A new high-tech information technology project aims to reduce the digital and economic divide that Indigenous women in Canada continue to face.
The University College of the North (UCN) will launch what’s called the first‐of‐its‐kind IT training program for women in Northern Manitoba later this year.
Beginning in September, the Information Technology Readiness North (InTeRN) program is a research‐based pilot project that will work to address gaps and barriers preventing women from finding IT jobs.
Serving Northern Manitoba, with main campus locations at La Pas and Thompson, UCN’s new two-year network computer technology program will start by building entry level skills, but the training is coupled with social supports for students and work-training integration with industry partners.
The aim is to overcome the numerous barriers that block northern individuals participating in the ICT industries of Manitoba (especially as the industry expands and seeks new participants) as a way to address the issue, common in many northern communities, of “jobs without people and people without jobs”.
Underpinning UCN’s IT plans is a sophisticated network administration, server and storage platform from Hewlett Packard Enterprise; HPE’s Nimble Storage dHCI technology (dHCI stands for disaggregated hyper-converged infrastructure) combines scalable storage, computing and virtualization capabilities in the same chassis and software stack.
“Life in the north is very different compared to other regions, and because of those differences, our IT program is imagining a structure unlike any other,” said William McBride, UCN project consultant and IT educator. “Thanks to HPE Nimble Storage dHCI, myself and other educators working on this program will also have the confidence of a system supporting our workloads with built-in data protection.”
UCN says it selected the HP tech architecture for the flexibility and ease of use; it will support both specific IT training needs as well as hands-on student use in a lab environment. Empowering women to pursue careers in IT has been a key initiative at UCN, and the InTeRN Project will provide entry-level IT certification without students having to leave their communities and existing social support structures.
But not only is UCN’s approach to IT training unique for its technical foundation, the training there combines soft skills (like critical thinking, problem solving, public speaking, team-working) digital skills (professional writing, social media, safety, security and legality online) and oral storytelling (not only spoken word, but chants, songs, poems and physical gestures) into a personal and professional growth strategy.
“It is our intention that every student entering our program feels fully supported to work through the curriculum with confidence,” said Jenna Brown, the InTeRN Project case manager at UCN. “This program will unleash the strength, resourcefulness and resilience found here in the north, where community is everything. This is why we’re creating a learning community that supports, uplifts and encourages our students to be their best.”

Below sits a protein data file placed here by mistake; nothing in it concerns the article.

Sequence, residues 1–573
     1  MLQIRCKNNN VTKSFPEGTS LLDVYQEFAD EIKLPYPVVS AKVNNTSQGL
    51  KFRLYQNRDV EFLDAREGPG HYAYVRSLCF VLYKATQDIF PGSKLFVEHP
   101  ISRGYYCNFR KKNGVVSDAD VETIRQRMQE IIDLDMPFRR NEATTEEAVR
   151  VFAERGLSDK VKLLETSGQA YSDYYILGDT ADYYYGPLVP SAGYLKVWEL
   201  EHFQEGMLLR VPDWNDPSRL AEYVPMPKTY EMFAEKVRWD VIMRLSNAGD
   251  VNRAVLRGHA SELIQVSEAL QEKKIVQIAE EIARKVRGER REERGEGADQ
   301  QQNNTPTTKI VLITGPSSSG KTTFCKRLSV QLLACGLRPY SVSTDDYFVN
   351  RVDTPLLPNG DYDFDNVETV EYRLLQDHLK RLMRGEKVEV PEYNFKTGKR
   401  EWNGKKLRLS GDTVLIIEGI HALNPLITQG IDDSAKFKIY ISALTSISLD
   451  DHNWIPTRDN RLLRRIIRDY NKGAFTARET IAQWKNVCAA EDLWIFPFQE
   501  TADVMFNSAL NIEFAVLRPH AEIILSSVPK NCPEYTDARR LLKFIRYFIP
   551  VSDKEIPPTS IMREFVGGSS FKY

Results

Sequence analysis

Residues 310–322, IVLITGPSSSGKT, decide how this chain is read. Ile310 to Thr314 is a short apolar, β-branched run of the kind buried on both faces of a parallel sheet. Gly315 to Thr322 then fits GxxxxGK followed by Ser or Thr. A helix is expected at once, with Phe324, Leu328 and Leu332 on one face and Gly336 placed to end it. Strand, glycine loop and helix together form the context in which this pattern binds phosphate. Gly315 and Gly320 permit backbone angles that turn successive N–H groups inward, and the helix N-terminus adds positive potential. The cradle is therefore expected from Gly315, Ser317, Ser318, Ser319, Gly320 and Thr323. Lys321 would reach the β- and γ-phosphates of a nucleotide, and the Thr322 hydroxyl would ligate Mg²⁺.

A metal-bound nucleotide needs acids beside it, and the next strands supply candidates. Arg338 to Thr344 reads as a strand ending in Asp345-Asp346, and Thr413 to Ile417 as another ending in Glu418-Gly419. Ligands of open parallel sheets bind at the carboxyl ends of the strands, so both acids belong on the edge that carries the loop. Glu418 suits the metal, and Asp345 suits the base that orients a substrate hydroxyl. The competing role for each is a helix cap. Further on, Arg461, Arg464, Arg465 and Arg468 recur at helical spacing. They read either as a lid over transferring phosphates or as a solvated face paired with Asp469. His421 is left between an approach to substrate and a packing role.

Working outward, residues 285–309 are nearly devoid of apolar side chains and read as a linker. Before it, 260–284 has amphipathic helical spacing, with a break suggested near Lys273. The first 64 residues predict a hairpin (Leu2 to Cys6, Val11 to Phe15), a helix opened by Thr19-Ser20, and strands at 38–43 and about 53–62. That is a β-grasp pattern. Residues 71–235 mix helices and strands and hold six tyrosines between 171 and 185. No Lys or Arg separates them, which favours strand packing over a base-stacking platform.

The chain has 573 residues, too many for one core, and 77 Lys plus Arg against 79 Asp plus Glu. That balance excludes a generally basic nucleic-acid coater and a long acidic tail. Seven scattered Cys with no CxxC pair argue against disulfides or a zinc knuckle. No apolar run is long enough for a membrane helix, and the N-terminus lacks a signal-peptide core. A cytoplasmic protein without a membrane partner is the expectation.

In addition to HPE, other industry players are helping move the project forward, including the Government of Canada’s Future Skills Centre, a local Computers for Schools equipment depot where employment opportunities are offered to students, and local Adult Learning Centres.
“UCN recognized the lack of opportunities for local women to access IT training, so the IT course will begin with a women-only pilot project, with the intent of opening training to all students in the future,” described Tara Manych, education director at the Kelsey Adult Learning Centre. “The traditions of oral storytelling is a personal growth model for aboriginal women as they relate to the development of soft skills essential to the digital workplace, changing the economy, and sustainability of the under-developed, female-led technology industry in Northern Manitoba.”
UCN serves a student body of over 2,000, 70 percent of whom are Indigenous, in classrooms that span two main campuses and 12 regional training centres – nine of them being in First Nation communities. Curriculum includes standard university courses, on-site trade programs and online courses.
As the only university serving the immediate area, UCN needed a scalable tech solution that is simple to install and maintain, with no downtime. The HPE Nimble Storage dHCI is powered by artificial intelligence, called HPE InfoSight, and that means new apps can be quickly deployed, expanding workloads supported as needed, all with optimized up- time and access to all available resources.
Network automation capabilities in the system deliver cloud-like scaling and expansion when more resources are needed, so computing and storage resources can be increased independently and without system disruption.
“HPE is committed to being a force for good, and knowing our technology is delivering critical career training to under-represented populations to improve the way they work and live is an outcome that drives us as a company to continue to effect change,” said Omer Asad, VP & GM Primary Storage, HCI & Data Management Services, HPE. “HPE Nimble Storage dHCI was designed with customers like UCN in mind, built from the ground up to remove the guesswork in managing infrastructure and deliver the best performance so our customers can focus on giving back to their end users.”
In some ways, the giving back, the effected change, the critical delivery Asad speaks of will come into clear focus later this month, with word that the upcoming 2021 UCN Convocation Ceremony will be a high-tech virtual ceremony. The joyful proceedings – on Saturday, July 24 starting at 1 pm – will be on YouTube, and the ceremony will be available for viewing for up to one year, thanks to UCN’s digital serving and IT storage capabilities.
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